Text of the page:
Science Fair Project Encyclopedia
Artificial intelligence (also known as machine intelligence and often abbreviated as AI) is intelligence exhibited by any manufactured (i.e. artificial) system. The term is often applied to general purpose computers and also in the field of scientific investigation into the theory and practical application of AI.
One popular and early definition of artificial intelligence research, put forth by John McCarthy at the Dartmouth Conference in 1956, is "making a machine behave in ways that would be called intelligent if a human were so behaving", repeating the claim put forth by Alan Turing in "Computing machinery and intelligence" (Mind, October 1950). However, this definition seems to ignore the possibility of strong AI. Another definition of artificial intelligence is "intelligence arising from an artificial device". Most definitions could be categorized as concerning either systems that think like humans, systems that act like humans, systems that think rationally or systems that act rationally.
Artificial intelligence can be considered in two parts: "What is the nature of artifice?" and "What is intelligence?" The first question is relatively easy, although it leads to an examination of what can be manufactured. The limitations of classical computational systems, available manufacturing processes, or human intellect may all place constraints on what can be manufactured.
The second question raises ontological issues of consciousness and intelligence as displayed by humans, as intelligent behavior in humans is complex and often difficult to understand. Study of animals and artificial systems which are not simply models of what already exists are also considered highly relevant.
Development of AI theory
Much of the (original) focus of artificial intelligence research draws from an experimental approach to psychology, and emphasizes what may be called linguistic intelligence (best exemplified in the Turing test).
Approaches to artificial intelligence that do not focus on linguistic intelligence include robotics and collective intelligence approaches, which focus on active manipulation of an environment, or consensus decision making, and draw from biology and political science when seeking models of how "intelligent" behavior is organized.
Artificial intelligence theory also draws from animal studies, in particular with insects, which are easier to emulate as robots (see artificial life), as well as animals with more complex cognition, including apes, who resemble humans in many ways but have less developed capacities for planning and cognition. AI researchers argue that animals, which are simpler than humans, ought to be considerably easier to mimic. But satisfactory computational models for animal intelligence are not available.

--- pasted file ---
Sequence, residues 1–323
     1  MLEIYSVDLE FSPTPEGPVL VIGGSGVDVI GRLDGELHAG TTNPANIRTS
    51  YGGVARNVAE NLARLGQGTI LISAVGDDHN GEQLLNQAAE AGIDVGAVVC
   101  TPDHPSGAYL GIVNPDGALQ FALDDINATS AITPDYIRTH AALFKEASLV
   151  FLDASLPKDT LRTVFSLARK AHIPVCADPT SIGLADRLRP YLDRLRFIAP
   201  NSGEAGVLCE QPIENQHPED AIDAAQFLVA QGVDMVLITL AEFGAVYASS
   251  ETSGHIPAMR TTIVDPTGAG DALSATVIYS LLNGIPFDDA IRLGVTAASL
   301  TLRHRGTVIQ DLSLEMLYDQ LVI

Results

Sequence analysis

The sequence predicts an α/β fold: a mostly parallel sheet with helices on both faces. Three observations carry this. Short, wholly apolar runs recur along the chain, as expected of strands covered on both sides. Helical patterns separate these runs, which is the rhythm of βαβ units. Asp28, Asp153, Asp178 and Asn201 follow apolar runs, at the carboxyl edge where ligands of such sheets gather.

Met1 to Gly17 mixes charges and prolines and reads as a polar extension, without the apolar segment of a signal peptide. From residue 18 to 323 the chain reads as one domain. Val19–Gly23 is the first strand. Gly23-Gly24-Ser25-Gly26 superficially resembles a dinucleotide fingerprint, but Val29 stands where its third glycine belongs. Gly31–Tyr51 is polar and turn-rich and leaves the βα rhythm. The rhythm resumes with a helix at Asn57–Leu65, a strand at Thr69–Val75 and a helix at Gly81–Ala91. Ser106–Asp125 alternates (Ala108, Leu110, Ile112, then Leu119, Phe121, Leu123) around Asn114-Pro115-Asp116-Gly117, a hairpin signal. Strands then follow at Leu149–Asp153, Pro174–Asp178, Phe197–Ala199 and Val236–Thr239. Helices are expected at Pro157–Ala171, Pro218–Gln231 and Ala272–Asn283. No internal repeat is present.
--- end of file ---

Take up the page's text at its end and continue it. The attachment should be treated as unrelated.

Seminal papers advancing the concept of machine intelligence include A Logical Calculus of the Ideas Immanent in Nervous Activity (1943), by Warren McCulloch and Walter Pitts, and On Computing Machinery and Intelligence (1950), by Alan Turing, and Man-Computer Symbiosis by J.C.R. Licklider. See cybernetics and Turing test for further discussion.
With the development of practical techniques based on AI research, advocates of AI have argued that opponents of AI have repeatedly changed their position on tasks such as computer chess or speech recognition that were previously regarded as "intelligent" in order to deny the accomplishments of AI. They point out that this moving of the goalposts effectively defines "intelligence" as "whatever humans can do that machines cannot".
John von Neumann (quoted by E.T. Jaynes) anticipated this in 1948 by saying, in response to a comment at a lecture that it was impossible for a machine to think: "You insist that there is something a machine cannot do. If you will tell me precisely what it is that a machine cannot do, then I can always make a machine which will do just that!". Von Neumann was presumably alluding to the Church-Turing thesis which states that any effective procedure can be simulated by a (generalized) computer.
Experimental AI research
Artificial intelligence began as an experimental field in the 1950s with such pioneers as Allen Newell and Herbert Simon, who founded the first artificial intelligence laboratory at Carnegie-Mellon University, and McCarthy and Marvin Minsky, who founded the MIT AI Lab in 1959. They all attended the aforementioned Dartmouth College summer AI conference in 1956, which was organized by McCarthy, Minsky, Nathan Rochester of IBM and Claude Shannon.
Historically, there are two broad styles of AI research - the "neats" and "scruffies". "Neat", classical or symbolic AI research, in general, involves symbolic manipulation of abstract concepts, and is the methodology used in most expert systems. Parallel to this are the "scruffy", or "connectionist", approaches, of which neural networks are the best-known example, which try to "evolve" intelligence through building systems and then improving them through some automatic process rather than systematically designing something to complete the task. Both approaches appeared very early in AI history. Throughout the 1960s and 1970s scruffy approaches were pushed to the background, but interest was regained in the 1980s when the limitations of the "neat" approaches of the time became clearer. However, it has become clear that contemporary methods using both broad approaches have severe limitations.
Artificial intelligence research was very heavily funded in the 1980s by the Defense Advanced Research Projects Agency in the United States and by the fifth generation computer systems project in Japan. The failure of the work funded at the time to produce immediate results, despite the grandiose promises of some AI practitioners, led to correspondingly large cutbacks in funding by government agencies in the late 1980s, leading to a general downturn in activity in the field known as AI winter . Over the following decade, many AI researchers moved into related areas with more modest goals such as machine learning, robotics, and computer vision, though research in pure AI continued at reduced levels.
Weak artificial intelligence